4. Grammarly

I listed a bunch of sites for learning first, because I don’t want you to just let a machine do the work for you, but if you really need the help – and can at least a little decipher good advice from bad – Grammarly can be a good tool.

This plugin (free and paid versions are available) reads over your shoulder when you compose online (or, with an additional plugin, in Word) and offers suggestions that will improve your grammar, punctuation and style. It also has a spell checker.

I say you need to be able to decipher good advice from bad because, as I tried out the plugin on this post, all the suggestions it gave me I disagreed with (changing thinking to think in the sentence that starts with Longform, changing the are for an is in “all of Goldberg’s books about writing are great,” putting commas around at least and a comma after punctuation in the paragraph above).

It also disables auto save when you use it, so if you tend to need that function a lot you might want to avoid using the tool. But if you need a lot of help and aren’t sure where to start, it can guide you on the mechanics a little bit. Just make sure you check a style guide, dictionary, or your common sense before you make changes based on its suggestions.

Do you have any tools for improving your writing skills that you like to use or favorite books on writing you return to frequently? We’d love to hear about them!

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About Sarah White

Sarah is a freelance writer, editor, crafter, blogger and mom living in Arkansas. She writes the knitting websites for About.com and CraftGossip.com as well as her own blog, Our Daily Craft, where she writes about crafting with and for kids, creativity for moms and other busy people, and creating the life you've always wanted. She's the author of three knitting books and is always looking for ways to craft a little more fun in her days. Her six-year-old daughter and geeky husband keep her busy and full of project ideas. Keep up with her on Facebook, Twitter, Instagram, or Pinterest.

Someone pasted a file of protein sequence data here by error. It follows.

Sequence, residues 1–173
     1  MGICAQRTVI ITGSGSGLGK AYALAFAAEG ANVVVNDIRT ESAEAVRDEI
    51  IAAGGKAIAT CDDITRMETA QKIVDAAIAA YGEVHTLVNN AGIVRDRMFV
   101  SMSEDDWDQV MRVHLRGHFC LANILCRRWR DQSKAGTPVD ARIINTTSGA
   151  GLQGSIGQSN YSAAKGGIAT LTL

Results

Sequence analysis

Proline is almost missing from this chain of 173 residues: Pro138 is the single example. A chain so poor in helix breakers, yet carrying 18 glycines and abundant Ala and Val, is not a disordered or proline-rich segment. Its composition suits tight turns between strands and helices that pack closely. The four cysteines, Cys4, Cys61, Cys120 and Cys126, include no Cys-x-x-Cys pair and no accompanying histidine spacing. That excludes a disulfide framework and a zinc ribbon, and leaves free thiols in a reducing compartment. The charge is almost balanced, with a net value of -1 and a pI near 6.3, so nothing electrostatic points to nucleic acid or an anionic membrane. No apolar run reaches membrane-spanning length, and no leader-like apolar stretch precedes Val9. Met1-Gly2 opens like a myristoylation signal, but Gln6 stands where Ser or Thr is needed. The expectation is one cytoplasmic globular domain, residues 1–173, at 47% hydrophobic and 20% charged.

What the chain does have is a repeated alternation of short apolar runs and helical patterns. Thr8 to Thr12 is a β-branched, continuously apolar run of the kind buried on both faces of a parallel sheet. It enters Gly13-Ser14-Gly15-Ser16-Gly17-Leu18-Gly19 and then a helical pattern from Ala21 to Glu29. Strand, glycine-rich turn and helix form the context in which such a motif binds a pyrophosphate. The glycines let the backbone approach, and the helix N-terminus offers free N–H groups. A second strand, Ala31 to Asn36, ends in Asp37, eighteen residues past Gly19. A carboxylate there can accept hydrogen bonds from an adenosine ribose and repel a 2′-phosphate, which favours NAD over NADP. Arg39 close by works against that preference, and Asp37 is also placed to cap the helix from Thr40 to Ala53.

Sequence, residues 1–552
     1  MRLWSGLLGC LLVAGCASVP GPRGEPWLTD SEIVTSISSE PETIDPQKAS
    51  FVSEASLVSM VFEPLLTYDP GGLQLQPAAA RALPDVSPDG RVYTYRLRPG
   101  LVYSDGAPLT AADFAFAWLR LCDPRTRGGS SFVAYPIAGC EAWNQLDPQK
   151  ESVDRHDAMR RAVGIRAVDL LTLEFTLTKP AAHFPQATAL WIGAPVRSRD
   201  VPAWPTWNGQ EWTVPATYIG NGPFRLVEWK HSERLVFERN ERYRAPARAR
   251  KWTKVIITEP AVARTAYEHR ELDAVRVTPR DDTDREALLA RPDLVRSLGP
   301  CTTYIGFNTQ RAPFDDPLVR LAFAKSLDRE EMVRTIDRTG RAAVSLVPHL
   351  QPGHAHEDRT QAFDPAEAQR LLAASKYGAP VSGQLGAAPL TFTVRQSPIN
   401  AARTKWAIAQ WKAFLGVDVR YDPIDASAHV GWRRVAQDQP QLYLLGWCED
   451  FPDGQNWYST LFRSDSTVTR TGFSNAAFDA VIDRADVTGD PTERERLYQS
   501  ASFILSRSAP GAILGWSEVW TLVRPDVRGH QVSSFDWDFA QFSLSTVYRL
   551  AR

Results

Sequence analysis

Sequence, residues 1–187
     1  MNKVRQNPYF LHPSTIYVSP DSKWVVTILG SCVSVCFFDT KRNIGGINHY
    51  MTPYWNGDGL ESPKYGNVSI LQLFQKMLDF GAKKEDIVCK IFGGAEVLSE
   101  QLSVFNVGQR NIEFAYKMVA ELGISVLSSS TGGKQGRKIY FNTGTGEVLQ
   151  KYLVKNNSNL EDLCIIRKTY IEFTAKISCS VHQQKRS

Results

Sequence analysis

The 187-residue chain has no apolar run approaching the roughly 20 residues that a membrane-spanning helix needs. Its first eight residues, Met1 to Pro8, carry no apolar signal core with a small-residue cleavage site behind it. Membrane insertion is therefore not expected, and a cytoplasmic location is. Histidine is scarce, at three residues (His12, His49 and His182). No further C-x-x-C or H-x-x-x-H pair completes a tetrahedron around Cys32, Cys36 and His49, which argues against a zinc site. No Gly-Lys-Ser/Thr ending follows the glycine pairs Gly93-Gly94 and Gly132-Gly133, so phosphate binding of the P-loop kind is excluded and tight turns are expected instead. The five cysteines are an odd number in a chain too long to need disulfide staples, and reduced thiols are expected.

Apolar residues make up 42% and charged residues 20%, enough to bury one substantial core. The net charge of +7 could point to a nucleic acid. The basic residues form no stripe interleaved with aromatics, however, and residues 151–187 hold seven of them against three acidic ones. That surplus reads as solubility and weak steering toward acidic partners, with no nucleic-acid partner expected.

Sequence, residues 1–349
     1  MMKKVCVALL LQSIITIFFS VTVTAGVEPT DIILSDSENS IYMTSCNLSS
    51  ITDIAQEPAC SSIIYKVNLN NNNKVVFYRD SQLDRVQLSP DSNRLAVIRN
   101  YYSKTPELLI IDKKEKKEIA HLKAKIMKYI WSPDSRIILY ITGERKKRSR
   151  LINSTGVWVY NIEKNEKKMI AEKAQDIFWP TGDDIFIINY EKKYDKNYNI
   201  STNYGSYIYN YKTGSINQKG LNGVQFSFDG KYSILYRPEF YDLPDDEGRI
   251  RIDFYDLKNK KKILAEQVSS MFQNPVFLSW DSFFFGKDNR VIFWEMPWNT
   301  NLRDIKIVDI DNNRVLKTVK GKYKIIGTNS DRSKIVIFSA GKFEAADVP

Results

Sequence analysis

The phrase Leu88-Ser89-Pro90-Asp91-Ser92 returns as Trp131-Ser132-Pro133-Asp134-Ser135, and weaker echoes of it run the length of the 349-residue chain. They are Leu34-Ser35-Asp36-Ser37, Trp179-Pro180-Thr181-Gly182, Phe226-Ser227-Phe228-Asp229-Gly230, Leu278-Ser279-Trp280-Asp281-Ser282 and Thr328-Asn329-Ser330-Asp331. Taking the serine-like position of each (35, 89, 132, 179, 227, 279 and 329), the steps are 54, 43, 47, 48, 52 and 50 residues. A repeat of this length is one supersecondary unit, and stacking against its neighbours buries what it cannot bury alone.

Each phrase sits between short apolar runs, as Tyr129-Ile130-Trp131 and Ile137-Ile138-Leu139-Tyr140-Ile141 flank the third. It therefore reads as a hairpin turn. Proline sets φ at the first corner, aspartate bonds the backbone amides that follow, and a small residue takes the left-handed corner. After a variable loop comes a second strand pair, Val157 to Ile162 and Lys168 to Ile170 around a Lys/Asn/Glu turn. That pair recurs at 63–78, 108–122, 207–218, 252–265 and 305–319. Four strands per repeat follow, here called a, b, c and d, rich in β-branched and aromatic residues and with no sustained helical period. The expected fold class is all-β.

8 Comments

  • Hi
    This is good blog for knowledge all people thank you dear are you professional writer so big thanks.Thanks for sharing this useful information. so i impressed for your site.
    Thanks to post this blog.

  • Awesome post!

    Was finding it really difficult to write articles and saw your post at the right time. Was just aware of Grammarly.
    Thanks man!

  • Deborah says:

    Sarah, thanks for your great suggestions! I liked as you emphasized the importance of learning sites and daily writing practice!

    I found another great tool which helps a lot with my blogging – Unplag. It’s a plagiarism checker, which is useful in comparing different documents against the Internet. Besides, on its blog is possible to find interesting articles with nice tips, for example, this about tactics for clearer writing: https://unplag.com/blog/6-tactics-for-clearer-writing/

  • Really helpful post, I also love Natalie Goldberg and Writing down the Bones is my absolute favourite writing book. I can also recommend The Artist’s Way by Julia Cameron and another favourite, Bird by Bird by Anne Lamott.

    I just read Big Magic by Elizabeth Gilbert which is a fabulous read for any creative. And I don’t have the Grammarly app but I do follow them on Facebook and they have the best memes ever 😉

  • Thank you for the great resources. I’m new to blogging so I know these will be very useful.

  • Helena says:

    Thank you for these suggestions. I’m going to check out Writing Down The Bones; sounds terrific.

  • Leah says:

    Great resources! Don’t forget Stephen King’s On Writing. My fave

  • Anna Palmer says:

    Thanks! I will check out grammarly.